The political landscape isn’t the only thing in flux these days. Yang has been working on a semi-autobiographical television show about two friends hosting a late-night show, but he’s finding that “it’s been tricky to sell post-strike. The bubble has burst, streamers and studios are paring back, and we’re all adjusting. I can’t extrapolate too far into the future right now.”

Bowen wears a shirt and shoes by Ami Paris, tank top by Cos, pants by Edward Cuming, necklace by Title of Work, and watch by Cartier. Genesis Belanger, I Don't Believe in Ghosts, 2022.

What Yang does envision for his career, though, is moving away from the thorny exercise of accruing fame. He’s frank about this. Of working on a big Hollywood blockbuster like Wicked, he says, “When you’re in something that—hopefully—is successful, and has a lot of investment behind it ... I would be lying if I said I didn’t take the job because it was going to afford me some kind of status.”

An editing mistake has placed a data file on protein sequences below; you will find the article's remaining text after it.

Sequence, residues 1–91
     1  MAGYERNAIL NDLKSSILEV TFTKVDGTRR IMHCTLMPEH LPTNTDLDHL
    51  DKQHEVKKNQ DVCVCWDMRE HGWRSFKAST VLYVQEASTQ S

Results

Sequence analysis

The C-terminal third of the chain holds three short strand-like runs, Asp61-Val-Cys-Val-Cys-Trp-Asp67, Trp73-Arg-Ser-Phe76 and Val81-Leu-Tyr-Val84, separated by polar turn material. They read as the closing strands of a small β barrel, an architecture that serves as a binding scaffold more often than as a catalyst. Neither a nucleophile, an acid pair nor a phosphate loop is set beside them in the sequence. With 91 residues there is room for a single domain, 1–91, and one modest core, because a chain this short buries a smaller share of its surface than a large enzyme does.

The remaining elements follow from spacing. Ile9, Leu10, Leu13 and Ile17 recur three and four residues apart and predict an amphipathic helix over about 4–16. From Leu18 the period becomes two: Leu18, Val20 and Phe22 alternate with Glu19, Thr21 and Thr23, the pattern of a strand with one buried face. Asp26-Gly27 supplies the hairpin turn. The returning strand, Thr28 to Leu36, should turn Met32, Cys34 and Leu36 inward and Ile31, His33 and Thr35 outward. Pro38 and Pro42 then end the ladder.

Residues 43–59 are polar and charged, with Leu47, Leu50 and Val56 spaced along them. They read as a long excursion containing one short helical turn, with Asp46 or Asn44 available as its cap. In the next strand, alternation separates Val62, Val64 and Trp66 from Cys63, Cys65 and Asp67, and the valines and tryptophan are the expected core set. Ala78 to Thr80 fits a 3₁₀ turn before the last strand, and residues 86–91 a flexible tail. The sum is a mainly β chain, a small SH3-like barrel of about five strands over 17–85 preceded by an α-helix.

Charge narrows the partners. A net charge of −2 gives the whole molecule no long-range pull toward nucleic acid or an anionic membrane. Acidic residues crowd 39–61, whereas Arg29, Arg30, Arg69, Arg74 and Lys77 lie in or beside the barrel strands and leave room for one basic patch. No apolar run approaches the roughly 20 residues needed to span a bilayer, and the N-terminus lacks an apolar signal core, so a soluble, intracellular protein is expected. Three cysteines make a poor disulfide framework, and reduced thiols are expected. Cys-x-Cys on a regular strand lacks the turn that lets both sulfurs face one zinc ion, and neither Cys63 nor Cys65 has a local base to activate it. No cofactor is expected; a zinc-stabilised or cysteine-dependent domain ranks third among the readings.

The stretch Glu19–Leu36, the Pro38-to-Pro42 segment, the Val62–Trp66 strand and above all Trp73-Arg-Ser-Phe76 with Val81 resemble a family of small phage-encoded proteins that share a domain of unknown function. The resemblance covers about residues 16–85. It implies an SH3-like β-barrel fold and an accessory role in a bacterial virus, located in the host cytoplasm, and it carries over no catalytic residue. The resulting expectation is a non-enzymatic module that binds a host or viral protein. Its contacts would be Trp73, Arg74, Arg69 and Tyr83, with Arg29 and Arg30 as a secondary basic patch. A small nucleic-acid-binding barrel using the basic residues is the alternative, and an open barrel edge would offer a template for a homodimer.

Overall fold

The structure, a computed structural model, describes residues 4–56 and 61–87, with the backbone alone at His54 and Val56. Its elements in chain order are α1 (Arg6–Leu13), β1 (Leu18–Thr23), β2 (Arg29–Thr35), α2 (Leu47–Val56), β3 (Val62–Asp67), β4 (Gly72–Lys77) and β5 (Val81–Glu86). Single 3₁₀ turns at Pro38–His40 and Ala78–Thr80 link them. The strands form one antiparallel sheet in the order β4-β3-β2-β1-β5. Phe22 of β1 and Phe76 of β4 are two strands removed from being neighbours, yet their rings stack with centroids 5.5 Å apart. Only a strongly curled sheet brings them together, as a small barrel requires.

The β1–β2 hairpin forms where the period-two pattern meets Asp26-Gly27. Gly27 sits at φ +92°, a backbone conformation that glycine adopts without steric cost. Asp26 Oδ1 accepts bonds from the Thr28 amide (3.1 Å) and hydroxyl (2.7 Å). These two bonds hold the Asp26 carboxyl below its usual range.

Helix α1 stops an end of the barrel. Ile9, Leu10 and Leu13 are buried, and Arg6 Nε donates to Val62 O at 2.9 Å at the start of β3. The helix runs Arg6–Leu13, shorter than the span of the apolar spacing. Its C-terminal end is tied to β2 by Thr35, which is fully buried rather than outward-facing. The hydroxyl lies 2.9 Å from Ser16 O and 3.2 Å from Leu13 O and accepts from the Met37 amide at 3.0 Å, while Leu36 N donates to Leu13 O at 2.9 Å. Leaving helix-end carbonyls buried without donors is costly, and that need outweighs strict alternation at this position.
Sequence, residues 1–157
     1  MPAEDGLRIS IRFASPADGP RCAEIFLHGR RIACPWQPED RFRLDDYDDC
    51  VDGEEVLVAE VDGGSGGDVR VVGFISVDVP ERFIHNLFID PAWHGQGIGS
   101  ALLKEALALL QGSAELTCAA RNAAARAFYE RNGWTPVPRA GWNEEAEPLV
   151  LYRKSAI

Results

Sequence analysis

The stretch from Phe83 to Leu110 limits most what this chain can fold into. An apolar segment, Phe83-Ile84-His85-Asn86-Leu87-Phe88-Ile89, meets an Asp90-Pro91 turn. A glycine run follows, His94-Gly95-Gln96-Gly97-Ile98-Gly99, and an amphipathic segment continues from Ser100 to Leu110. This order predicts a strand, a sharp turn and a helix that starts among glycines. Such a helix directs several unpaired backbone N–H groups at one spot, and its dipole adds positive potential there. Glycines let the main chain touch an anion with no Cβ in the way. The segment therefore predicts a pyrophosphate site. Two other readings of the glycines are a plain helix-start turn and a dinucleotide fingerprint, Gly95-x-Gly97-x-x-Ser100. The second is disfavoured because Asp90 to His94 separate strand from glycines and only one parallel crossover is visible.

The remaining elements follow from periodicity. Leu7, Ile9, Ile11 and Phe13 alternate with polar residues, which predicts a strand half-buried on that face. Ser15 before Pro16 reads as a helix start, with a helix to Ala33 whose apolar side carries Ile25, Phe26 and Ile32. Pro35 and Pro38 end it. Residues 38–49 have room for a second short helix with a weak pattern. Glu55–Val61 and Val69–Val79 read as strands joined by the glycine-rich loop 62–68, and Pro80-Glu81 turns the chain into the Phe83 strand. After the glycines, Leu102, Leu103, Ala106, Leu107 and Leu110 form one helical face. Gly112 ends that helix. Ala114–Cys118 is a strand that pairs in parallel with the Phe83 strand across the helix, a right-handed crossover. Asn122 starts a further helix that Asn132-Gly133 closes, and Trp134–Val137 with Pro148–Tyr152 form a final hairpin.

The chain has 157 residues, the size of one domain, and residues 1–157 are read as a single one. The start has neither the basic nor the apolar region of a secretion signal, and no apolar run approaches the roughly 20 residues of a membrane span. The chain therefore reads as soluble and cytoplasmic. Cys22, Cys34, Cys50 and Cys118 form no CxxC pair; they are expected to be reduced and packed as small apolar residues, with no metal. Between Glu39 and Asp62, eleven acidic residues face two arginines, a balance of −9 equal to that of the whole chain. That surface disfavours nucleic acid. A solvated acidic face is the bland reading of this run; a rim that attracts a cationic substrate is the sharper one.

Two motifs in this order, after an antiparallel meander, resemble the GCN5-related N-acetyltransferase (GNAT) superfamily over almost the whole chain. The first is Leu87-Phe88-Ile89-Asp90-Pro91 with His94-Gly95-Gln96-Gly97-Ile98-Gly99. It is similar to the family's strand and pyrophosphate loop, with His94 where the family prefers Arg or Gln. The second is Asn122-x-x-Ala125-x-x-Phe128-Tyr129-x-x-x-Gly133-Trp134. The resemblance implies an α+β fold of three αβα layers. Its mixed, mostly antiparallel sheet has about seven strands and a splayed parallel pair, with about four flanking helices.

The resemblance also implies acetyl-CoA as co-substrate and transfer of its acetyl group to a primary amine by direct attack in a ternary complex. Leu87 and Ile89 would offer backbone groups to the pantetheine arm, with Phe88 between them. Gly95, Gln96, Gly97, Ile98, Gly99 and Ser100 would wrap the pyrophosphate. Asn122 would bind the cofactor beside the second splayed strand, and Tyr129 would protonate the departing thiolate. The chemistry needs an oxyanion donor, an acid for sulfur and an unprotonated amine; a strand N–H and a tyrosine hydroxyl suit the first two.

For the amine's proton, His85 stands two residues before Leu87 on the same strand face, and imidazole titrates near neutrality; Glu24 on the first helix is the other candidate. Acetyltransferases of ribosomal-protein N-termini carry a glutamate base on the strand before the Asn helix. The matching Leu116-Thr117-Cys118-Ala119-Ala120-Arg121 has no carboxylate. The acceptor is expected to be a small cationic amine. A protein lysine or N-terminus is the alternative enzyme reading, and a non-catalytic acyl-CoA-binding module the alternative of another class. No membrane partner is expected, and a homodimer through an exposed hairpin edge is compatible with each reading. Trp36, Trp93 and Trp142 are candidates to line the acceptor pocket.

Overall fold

Yang loved working on the musical, but at the moment he’s most interested in focusing on smaller films and independent projects that are less tailored toward broad acclaim and bigger audiences—like Fire Island, the queer riff on Pride and Prejudice he starred in alongside Joel Kim Booster and Margaret Cho. “It was this beautiful, generative thing I hadn’t been able to do before,” he says, expressing a desire for projects that promise more “artistic freedom.”

With an array of audience-approved talents at his fingertips, the sheer number of directions and projects Yang could pursue might seem stifling. But Yang is breathing easy. “If you take an idea that is already an itch in your brain and choose to scratch it," he says, "I think there will always be a satisfying outcome."

Styling Assistance by Brodie Reardon and Molly Macintosh
Grooming by Melissa Dezarate